The boy she liked in primary school is an architect. Or at least finished his studies of architecture. She’s not really sure. She hasn’t spoken to him in years, but in today’s easily connected world, it wasn’t hard to find him. She’s become addicted to scrolling through his Instagram. She loves the photographs he takes. They capture the city she left behind as a child so beautifully. She loves that he’s able to capture what she misses, but envies that he can live the life she still believes was supposed to be hers. She always feels ashamed when she looks at his pictures – like a voyeur – and makes sure she uses a private window. Sometimes, she tries to justify her perversion. Like she is peeking into his life, for mystery-solving purposes, trying to piece together the kind of person he’s become in the thirteen years that have passed since she’s known him.
Her most recent inquiry into the architect boy’s life reveals he’s engaged. She looks down at her hands. They are white from her constant cleaning, the skin peeling up like scales, and covered in little cuts from where it’s split. She sucks the blood from a knuckle, the taste of iron transporting her to her childhood. For a second she can almost smell the harbor, rust on one side, salt on the other, a sweet combination of sweat and spray. She recalls standing on the pier with her father, watching several fishermen slice open a shark, revealing treasures hidden in its belly. That was the day she gained a sister.
She’s never been in a real relationship and sometimes this bothers her, though most times it doesn’t. On cold days, she notices how empty her bed is. She packs the bed with pillows until she has cocooned herself into a claustrophobic, downy world that is hers and hers alone. She sleeps uninterrupted.
Her colleagues have pictures of significant others neatly displayed on their desks. Her desk has a smooth pebble she found on the side of the road. When she is having a rough day, she unknowingly presses the pebble against her forehead and counts to six. Lately, she’s been using the pebble more and more. The sound of her neighbors’ keyboards is suffocating. Her monitor stares back at her accusingly and she looks down, ashamed to look it in the home screen. The folders of paperwork are never ending. Every day, she’s drowning. She counts. One. Two…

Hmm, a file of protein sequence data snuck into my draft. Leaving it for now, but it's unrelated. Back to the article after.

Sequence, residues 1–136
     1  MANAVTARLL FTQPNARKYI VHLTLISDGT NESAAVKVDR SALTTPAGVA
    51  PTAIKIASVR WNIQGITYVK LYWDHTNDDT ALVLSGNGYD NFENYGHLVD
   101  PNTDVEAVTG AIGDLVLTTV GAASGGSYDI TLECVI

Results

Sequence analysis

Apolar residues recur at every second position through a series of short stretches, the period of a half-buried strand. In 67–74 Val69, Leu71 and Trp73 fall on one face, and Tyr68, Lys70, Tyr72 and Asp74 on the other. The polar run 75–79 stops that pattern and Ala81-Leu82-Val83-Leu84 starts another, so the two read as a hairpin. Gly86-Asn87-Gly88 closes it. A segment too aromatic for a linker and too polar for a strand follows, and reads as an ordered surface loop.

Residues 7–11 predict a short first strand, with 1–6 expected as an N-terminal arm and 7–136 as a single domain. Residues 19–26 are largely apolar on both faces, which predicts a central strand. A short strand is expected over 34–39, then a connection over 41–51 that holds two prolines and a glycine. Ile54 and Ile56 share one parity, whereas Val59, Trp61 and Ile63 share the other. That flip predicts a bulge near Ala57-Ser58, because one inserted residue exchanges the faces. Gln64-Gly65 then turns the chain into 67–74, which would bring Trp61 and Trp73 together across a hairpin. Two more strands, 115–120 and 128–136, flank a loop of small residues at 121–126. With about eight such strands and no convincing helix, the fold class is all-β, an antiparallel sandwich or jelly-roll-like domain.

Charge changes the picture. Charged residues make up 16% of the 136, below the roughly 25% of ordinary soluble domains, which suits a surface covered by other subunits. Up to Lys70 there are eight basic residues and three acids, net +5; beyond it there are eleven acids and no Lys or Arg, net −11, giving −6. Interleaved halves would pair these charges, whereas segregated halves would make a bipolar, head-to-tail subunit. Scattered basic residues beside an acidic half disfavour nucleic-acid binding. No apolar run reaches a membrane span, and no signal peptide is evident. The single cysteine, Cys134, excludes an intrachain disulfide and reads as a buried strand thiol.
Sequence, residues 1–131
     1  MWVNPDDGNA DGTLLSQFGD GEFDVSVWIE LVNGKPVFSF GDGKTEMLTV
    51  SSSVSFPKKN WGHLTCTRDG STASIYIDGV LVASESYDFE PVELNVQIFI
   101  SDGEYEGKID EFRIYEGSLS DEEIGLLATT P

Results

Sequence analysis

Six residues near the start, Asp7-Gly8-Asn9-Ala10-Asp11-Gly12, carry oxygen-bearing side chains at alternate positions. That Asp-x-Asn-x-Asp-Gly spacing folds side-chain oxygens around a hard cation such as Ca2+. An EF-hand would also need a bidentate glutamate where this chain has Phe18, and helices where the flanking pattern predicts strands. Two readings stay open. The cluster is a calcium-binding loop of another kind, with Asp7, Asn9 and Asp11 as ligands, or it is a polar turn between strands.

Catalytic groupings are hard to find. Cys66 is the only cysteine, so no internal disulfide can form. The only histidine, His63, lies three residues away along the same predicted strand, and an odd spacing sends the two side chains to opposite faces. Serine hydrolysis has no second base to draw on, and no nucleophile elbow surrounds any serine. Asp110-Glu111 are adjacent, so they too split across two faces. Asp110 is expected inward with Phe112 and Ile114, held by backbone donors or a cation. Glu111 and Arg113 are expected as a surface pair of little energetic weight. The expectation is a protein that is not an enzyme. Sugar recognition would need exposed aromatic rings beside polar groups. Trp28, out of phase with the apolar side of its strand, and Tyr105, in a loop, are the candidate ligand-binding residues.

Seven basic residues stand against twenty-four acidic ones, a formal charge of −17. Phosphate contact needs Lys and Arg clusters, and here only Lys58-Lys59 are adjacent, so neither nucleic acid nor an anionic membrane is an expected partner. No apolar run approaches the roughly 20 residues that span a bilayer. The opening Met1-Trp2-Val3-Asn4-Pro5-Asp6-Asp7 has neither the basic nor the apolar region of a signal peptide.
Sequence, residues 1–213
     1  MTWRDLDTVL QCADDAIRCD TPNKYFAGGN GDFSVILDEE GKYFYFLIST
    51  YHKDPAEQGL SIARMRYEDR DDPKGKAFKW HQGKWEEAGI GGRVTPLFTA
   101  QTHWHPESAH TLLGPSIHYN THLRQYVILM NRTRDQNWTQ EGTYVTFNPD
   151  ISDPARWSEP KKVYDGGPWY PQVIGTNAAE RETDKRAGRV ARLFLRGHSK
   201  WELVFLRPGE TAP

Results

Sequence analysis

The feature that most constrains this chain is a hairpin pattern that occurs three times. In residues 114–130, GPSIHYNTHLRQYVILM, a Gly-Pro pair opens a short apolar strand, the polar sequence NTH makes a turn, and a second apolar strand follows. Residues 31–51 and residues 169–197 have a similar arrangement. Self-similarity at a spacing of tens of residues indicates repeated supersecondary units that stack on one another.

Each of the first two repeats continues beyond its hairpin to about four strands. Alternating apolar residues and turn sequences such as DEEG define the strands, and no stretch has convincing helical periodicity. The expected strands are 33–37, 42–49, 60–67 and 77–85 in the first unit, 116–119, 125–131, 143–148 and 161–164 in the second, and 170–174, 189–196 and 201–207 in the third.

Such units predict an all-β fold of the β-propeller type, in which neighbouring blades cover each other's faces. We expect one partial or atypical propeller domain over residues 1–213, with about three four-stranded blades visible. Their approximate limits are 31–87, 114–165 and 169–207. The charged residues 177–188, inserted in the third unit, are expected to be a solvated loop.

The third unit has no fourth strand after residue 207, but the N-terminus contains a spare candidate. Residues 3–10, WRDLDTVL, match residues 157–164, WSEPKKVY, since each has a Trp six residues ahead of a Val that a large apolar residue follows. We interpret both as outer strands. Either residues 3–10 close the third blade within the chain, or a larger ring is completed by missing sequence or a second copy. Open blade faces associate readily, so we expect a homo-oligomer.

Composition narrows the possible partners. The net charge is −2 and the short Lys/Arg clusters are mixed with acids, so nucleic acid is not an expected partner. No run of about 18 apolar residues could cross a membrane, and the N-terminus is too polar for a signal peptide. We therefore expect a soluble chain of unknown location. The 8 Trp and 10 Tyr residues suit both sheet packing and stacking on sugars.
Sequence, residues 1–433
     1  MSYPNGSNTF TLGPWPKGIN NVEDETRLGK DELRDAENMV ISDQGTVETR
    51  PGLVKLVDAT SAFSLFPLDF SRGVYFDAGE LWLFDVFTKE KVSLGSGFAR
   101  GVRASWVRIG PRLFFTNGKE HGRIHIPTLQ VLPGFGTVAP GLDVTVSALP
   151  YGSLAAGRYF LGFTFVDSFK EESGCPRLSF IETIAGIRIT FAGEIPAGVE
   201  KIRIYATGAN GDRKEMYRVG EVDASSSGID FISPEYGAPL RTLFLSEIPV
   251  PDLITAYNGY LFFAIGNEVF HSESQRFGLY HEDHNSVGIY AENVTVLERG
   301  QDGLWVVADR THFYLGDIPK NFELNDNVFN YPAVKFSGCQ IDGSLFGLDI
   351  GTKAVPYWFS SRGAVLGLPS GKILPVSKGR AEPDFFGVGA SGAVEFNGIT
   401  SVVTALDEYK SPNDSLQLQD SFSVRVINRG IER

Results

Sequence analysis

She goes over the names of the boys she liked as a child, the boys who broke her teenage heart, the woman who almost swept her away, like a prayer almost. Please never let me be this foolish again. Please don’t remember me. Please just let me disappear. Despite years and years passing, she’s still unable to forgive her childish actions. She cannot let go of the past. She imagines she’s looking backwards as she walks. She wonders if the architect boy looks forward when he walks. Sometimes she imagines his life from his photos. It’s put together. He has a job he loves. He has many friends who love him. He has many hobbies, many which incorporate the sea somehow. The sea they were born from. The sea that she misses.
She hates her job, the incessant swooshing of files and clacking of keyboards gradually swallowing her up. She has few friends, no hobbies, unless she counts peeking into his life. She lives far from the sea, drowned in yellowing trees. On windy days, she likes to close her eyes and pretend the sound of the wind rustling through the yellow trees are waves crashing beneath her window. She searches this city for remnants of her past life. She gathers gingko leaves and pretends they’re seashells. She sees buildings as giant fish, their windows like scales still glistening from the window washer’s work; the thunderous clang of the garbage truck becomes the sound of the cannon many miles off, signaling twelve o’clock. She remembers the shark again and the moment her sister slipped out of its belly, a slimy pup with filmy eyes.
She hates the way she was born. Unlike the architect boy who was carefully crafted and tuned like sea glass, and her sister who was a gift from the sea, she was an afterthought. Two waves rolled into each other and she fell out of a column of foam. She has very little substance to her and begins to believe if she can’t make anything of her life, she will return to foam. She cups her hand to her ear and listens to the distant hum of her own blood. She calls her sister, who offers a solution to her imbalanced misery: a plane ticket home. She cries so much, she loses her voice.
Twenty-eight hours later, she stands on the nearest beach, sinking her toes beneath the sand. The air is as harsh and sweet as she remembered. The sea is calm and pushes against the shore in lazy, frothy waves. In the distance, cormorants drop into the water, like synchronized divers. They emerge seconds later, their black bodies slick and shiny. She throws herself into the water and to her surprise finds herself whole. No foam, no bubbles. She is solid.
Originally from Cape Town, South Africa, Tara Manshon has lived in the United States for sixteen years and still looks the wrong way when crossing the street. When she's not working or writing, she is constantly thinking about fries. She holds an MFA in Creative Writing from American University. Her work has appeared in 805 Lit+Art and has been nominated for the “Pen/Dau Short Story Prize for Emerging Writers.”